Cordyceps are growing in popularity amongst athletes due to its claimed ability to fight fatigue and promote stamina and endurance. 

Health Benefits: energy, endurance, immune support

Best used in: extract form in coffee, teas, smoothies, or protein bars.


This mushroom is known for its high antioxidant content. In WWII, chaga was used as a coffee substitute in Finland due to its similar flavor and color to medium roast coffee.  

Health Benefits: immune support, antioxidant-rich

Best used in: extract form in teas, coffee, broth, or smoothies

Final Thoughts: The Healing Magic of Mushrooms

As with any supplement or superfood, use them as a boost to your overall wellness regimen, but not a cure-all for underlying health conditions. While mushrooms are generally safe to add into your foods, we recommend talking to your healthcare provider before increasing your intake to supplement forms (e.g. ready made powders, coffees, etc.). 

Dried shiitake mushrooms can easily add deep savory flavor, umami, to dishes. I like to think of them as healthy little punches of flavor. 

While fresh shiitake mushrooms are just as delicious, they can be harder to find, so having dried shiitake mushrooms stocked in your pantry means that you always have a flavorful ingredient at your fingertips. They’re easily found at Asian markets and can last for months, maybe even years, if stored in an airtight container in a cool place or the refrigerator.

How to Use


If used in a soup, dried shiitakes can be added directly to the broth, where they'll soften as the soup simmers. Otherwise, dried shiitakes need to be soaked in hot water before they're used in a recipe. The stems are too tough to eat but can add good flavor to stocks and stews; just discard them before serving.

The bigger the dried mushroom, the longer you'll need to soak it. In general, smaller mushrooms need about half an hour, and thicker caps can take up an hour to soften. When the mushrooms have softened, pour the soaking liquid through a coffee filter or a sieve lined with a paper towel to strain out the grit, and reserve the liquid for use in other cooking—it adds delicious mushroom flavor to soups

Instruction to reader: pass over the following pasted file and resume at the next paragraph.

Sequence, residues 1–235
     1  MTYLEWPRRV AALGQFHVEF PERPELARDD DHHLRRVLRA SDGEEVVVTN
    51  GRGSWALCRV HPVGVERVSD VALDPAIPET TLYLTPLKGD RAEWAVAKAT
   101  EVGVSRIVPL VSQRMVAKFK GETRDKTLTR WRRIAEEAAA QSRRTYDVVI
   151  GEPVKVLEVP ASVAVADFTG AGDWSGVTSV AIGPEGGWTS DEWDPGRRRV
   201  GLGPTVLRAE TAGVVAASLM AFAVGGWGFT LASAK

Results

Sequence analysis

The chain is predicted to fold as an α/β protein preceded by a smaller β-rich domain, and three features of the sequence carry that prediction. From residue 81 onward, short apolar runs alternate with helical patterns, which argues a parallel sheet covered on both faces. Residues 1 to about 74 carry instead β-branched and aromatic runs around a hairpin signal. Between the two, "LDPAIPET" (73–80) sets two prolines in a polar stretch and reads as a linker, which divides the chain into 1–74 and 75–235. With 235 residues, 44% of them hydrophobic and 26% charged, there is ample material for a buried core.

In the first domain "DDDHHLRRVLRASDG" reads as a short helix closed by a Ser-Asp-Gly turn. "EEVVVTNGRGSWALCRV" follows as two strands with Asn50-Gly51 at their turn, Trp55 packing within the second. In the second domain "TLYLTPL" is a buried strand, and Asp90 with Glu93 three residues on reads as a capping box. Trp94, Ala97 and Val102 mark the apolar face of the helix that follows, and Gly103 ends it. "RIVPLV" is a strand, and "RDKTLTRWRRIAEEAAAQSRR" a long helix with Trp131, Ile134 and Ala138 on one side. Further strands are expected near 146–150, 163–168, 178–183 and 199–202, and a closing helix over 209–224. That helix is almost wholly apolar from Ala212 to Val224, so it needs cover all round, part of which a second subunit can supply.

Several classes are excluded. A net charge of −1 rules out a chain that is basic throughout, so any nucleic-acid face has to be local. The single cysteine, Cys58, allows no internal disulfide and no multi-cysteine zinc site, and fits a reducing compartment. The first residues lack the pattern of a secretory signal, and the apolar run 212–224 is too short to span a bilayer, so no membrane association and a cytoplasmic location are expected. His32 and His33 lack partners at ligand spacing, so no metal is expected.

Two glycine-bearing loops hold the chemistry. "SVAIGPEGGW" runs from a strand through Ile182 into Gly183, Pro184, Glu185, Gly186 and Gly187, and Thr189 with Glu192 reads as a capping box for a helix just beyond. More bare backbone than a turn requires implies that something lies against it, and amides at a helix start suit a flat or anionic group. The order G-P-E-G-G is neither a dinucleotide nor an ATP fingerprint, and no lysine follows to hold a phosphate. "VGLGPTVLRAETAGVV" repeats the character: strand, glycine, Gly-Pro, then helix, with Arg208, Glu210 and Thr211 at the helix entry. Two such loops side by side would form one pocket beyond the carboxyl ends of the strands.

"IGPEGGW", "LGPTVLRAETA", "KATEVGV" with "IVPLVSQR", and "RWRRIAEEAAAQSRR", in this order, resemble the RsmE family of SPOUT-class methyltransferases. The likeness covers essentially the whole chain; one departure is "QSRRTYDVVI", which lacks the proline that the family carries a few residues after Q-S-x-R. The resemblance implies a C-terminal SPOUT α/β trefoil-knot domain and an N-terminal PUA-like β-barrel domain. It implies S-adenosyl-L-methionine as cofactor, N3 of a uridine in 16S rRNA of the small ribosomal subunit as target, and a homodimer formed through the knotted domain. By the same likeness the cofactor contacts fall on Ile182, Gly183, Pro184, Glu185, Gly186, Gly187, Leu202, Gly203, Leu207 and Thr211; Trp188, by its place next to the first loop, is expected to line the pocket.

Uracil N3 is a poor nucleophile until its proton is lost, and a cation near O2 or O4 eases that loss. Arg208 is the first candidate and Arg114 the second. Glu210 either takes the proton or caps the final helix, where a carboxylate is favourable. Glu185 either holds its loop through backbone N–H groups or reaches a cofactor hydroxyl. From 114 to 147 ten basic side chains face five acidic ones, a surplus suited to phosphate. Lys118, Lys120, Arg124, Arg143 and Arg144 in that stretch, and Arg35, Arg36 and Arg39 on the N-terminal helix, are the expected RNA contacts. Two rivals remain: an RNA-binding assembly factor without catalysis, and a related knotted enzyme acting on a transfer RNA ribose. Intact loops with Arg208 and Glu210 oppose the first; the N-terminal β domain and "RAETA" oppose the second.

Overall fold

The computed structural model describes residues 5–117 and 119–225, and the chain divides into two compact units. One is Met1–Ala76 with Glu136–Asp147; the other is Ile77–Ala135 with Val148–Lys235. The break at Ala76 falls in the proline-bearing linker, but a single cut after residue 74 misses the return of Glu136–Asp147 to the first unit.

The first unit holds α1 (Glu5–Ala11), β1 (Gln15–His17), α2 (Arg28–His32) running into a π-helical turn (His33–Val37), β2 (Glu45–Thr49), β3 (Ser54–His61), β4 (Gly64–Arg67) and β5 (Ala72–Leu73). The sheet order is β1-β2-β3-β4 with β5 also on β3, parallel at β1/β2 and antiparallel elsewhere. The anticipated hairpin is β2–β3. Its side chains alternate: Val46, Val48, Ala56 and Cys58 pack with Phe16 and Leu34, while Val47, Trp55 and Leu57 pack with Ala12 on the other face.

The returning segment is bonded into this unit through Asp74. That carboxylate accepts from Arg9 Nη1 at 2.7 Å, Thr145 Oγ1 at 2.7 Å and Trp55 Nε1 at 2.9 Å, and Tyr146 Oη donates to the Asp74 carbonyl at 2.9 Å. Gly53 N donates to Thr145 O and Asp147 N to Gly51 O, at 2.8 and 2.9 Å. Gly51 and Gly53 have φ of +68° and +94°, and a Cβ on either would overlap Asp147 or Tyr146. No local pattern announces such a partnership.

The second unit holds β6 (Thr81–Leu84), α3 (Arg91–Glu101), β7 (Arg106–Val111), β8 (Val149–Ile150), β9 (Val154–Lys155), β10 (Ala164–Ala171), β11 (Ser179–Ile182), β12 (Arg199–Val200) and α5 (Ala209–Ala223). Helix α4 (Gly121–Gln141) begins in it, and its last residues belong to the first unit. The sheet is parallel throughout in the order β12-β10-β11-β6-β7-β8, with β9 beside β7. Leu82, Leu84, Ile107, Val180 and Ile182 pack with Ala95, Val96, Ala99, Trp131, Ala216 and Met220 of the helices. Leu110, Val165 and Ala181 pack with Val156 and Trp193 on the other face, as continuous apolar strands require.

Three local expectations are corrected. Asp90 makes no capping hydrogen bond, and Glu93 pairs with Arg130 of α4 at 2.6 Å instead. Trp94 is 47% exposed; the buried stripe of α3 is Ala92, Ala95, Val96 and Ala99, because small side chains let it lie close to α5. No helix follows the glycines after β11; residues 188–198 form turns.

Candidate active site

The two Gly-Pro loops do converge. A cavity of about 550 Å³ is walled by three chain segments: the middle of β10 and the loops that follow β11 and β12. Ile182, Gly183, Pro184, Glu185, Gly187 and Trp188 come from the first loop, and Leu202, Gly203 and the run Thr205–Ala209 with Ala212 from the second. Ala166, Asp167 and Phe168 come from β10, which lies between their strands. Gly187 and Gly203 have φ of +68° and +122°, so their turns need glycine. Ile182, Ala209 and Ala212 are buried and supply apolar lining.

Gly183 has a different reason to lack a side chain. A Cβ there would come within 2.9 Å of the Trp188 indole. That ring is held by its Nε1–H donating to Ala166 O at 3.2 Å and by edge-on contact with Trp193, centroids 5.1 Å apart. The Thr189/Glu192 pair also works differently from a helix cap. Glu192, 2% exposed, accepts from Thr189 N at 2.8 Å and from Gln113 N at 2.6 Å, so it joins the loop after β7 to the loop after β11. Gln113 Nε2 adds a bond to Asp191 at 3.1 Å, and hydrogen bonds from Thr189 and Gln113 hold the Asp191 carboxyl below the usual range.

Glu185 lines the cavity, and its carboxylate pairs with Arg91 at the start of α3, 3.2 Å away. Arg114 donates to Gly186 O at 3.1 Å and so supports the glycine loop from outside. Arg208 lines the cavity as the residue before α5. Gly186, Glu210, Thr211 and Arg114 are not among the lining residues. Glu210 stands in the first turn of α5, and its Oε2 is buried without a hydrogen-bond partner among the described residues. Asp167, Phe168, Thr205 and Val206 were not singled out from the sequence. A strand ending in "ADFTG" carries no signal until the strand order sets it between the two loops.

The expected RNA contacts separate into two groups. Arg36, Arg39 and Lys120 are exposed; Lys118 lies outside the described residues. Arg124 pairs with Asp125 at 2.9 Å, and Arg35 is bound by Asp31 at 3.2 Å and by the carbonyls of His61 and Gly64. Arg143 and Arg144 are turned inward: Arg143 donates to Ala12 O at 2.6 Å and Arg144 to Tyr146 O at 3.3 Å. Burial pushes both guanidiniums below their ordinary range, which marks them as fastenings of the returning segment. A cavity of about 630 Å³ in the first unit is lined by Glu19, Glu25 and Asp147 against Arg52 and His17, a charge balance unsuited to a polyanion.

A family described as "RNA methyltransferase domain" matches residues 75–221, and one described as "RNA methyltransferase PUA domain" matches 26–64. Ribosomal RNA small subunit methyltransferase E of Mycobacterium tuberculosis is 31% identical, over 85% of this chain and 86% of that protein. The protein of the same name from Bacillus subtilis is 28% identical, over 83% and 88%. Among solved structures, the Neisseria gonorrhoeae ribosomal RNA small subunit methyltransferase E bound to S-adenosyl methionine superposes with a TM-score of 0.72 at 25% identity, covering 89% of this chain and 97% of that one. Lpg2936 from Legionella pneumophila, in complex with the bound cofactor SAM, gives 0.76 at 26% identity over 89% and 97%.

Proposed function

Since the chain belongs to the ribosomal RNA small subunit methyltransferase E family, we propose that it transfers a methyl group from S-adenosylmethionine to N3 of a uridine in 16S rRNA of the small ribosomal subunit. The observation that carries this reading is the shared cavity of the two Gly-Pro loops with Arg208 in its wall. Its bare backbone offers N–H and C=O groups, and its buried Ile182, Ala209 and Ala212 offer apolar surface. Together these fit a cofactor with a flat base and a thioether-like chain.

Immunity Shiitake Soup

In addition to the healthful mushrooms, garlic is an antibiotic, ginger a natural anti-inflammatory agent, and miso is full of probiotics. 


  • 1 tablespoon olive oil
  • 1 large onion, peeled and diced
  • 2 large organic carrots, thinly sliced on the bias (or julienned)
  • 2 celery stalks, ends removed and diced
  • 4 cloves garlic, smashed and skins removed
  • 1 Tbsp minced fresh organic ginger
  • 1 quart no sodium broth 
  • 8 ounces fresh shiitake mushrooms, sliced, or 4 ounces dried and soaked in water to rehydrate
  • 1 cup organic broccoli florets
  • 1⁄2 cup miso paste, divided 


  1. Place olive oil in a large stockpot, and roll it around to coat the bottom. Warm over medium heat. Once the oil is warm, add onions, carrots, and celery.
  2. Cook over medium heat for 6 to 7 minutes, stirring occasionally to ensure that the vegetables are coated with oil and cooking evenly. When vegetables are fragrant and soft, add garlic and ginger and cook for another 1 to 2 minutes.
  3. Add broth, mushrooms (along with the soaking water, if you used dried shiitakes) to the pot and cover.  Bring to a boil. Once boiling, reduce heat to medium and partially cover the pot. Simmer for 30 minutes
  4. Add broccoli florets and cook until just tender, about 2 minutes
  5. To serve, spoon 2 teaspoons of miso paste into each serving vessel — mugs, teacups, and bowls all work well. Ladle 1 cup hot broth over miso paste, using the back of a spoon to help the paste dissolve completely into the broth. Drink and enjoy!  Add in some fresh herbs or greens of your liking.



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Christina Wilson
Christina Wilson